Because it provides policymakers with a window into national learning, the national assessment NAEP is also known as “nation’s reporting card”. The latest results, which were released last month, showed a significant national decline in reading and math scores. This shows how disruptive the pandemic was for learning.
These scores led to states jockeying to be in the top position as they tried to determine which state’s education system was most affected by the pandemic.
California Governor Gavin Newsom circulated a press statement in the immediate aftermath of the results. It claimed that California’s math scores had shown less decline than other states. Newsom said that the state’s 23.8 billion education funding boost was responsible for the state’s performance, but acknowledged that it was not a celebration. It was a call to action.
Some states made more boastful claims about their relative performance than others. Alabama was one example. A news analysis of the state’s NAEP results revealed that Alabama wasn’t at the bottom in terms of learning lost. commented that Alabama’s happiness is the nation’s gain.
These comparisons are tempting, and a national metric broken down into states almost invites competition. Karyn Lewis, director at the Center for School and Progress of the academic assessment non-profit NWEA, says that this practice is “really problematic”.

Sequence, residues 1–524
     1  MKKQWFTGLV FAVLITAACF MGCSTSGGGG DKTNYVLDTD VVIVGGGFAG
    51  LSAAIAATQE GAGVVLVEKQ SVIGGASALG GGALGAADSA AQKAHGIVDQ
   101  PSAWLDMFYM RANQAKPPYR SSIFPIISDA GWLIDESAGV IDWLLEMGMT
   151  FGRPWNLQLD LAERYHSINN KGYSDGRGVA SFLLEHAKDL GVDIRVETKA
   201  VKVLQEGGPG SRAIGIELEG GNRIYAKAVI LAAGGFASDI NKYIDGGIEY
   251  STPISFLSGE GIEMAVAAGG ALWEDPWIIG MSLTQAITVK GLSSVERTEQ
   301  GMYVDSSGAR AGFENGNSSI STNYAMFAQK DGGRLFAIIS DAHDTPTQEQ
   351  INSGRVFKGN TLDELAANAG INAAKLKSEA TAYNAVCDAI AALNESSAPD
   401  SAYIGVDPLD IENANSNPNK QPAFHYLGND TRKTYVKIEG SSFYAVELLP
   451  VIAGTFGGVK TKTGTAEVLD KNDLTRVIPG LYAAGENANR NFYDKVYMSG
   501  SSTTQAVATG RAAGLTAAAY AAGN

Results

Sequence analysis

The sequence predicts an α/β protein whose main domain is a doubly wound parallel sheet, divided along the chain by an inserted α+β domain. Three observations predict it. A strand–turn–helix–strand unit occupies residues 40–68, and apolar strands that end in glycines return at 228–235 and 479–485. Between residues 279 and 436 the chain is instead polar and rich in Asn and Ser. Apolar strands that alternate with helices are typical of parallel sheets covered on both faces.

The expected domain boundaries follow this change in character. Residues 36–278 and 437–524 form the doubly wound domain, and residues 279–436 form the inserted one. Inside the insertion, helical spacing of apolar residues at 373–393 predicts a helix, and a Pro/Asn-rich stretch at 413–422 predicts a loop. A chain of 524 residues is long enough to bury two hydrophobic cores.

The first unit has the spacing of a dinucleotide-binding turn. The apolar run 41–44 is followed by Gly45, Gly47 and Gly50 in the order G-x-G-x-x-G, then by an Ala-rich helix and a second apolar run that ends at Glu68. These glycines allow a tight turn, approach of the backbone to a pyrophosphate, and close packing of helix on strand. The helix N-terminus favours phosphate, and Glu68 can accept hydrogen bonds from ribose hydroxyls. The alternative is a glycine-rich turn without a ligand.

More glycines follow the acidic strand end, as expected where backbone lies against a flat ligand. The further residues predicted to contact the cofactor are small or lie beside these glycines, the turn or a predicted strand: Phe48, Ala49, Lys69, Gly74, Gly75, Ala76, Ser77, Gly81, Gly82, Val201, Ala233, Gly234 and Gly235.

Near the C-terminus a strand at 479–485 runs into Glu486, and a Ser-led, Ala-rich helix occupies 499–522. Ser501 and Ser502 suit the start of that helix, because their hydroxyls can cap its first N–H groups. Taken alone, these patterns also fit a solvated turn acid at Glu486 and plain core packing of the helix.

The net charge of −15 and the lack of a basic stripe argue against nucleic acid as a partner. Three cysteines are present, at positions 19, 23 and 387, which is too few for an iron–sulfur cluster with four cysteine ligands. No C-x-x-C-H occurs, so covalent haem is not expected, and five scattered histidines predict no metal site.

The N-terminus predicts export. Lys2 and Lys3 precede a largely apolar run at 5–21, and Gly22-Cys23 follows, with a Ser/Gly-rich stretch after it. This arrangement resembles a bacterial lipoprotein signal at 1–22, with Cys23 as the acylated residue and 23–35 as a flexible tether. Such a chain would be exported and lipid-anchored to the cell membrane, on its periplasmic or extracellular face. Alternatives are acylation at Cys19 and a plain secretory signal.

Lewis says, “Unfortunately I believe that requires us to make comparisons among states is really problematic.”
She argues that the NAEP results only provide a snapshot of student performance in certain grades every two years. This is what policymakers at both the federal and state levels can use to decide about investments. It can be misleading to remove them from their context and place them in conversation with other results such as state assessments.
Even worse, complacency can lead to destruction.
Comparing states across the country can lead to a false sense confidence for those at the top. It can also be demoralizing for educators working in lower-ranking states. This is not the ideal situation for educators who are already experiencing extreme burnout and unimaginable challenges.
Miah Daughtery, a researcher at NWEA, says that these types of comparisons can lead to people feeling demoralized and defeated.
Daughtery draws from her own experiences. She was a Las Vegas teacher, she says. When she saw that her state was near the bottom, it would make her feel depressed and unmotivated. She says, “That’s not inspiring.” “That’s not helpful.”
Lewis suggests that states should look for states that are similar to theirs that have made improvements. These states may be able to offer lessons.
She argues that the focus should be on what is ahead, and not what was gone before.
Lewis states, “I would hate for us to use these results to further litigate previous decisions and place blame on those who failed to,” “I believe we should be more reflective and consider how we can use this to make a better future.”
Other education leaders may be seeing the negative effects of ranking education.
Last week, Yale Law School and Harvard University Law School as well as University of California at Berkeley Law School withdrew their names from the U.S. News & World Report rankings. Heather Gerken, Yale Law School’s Dean, stated that these schools are often at the top of the list. However, the ranking system created “perverse” dynamics that were not related to improving their students’ education.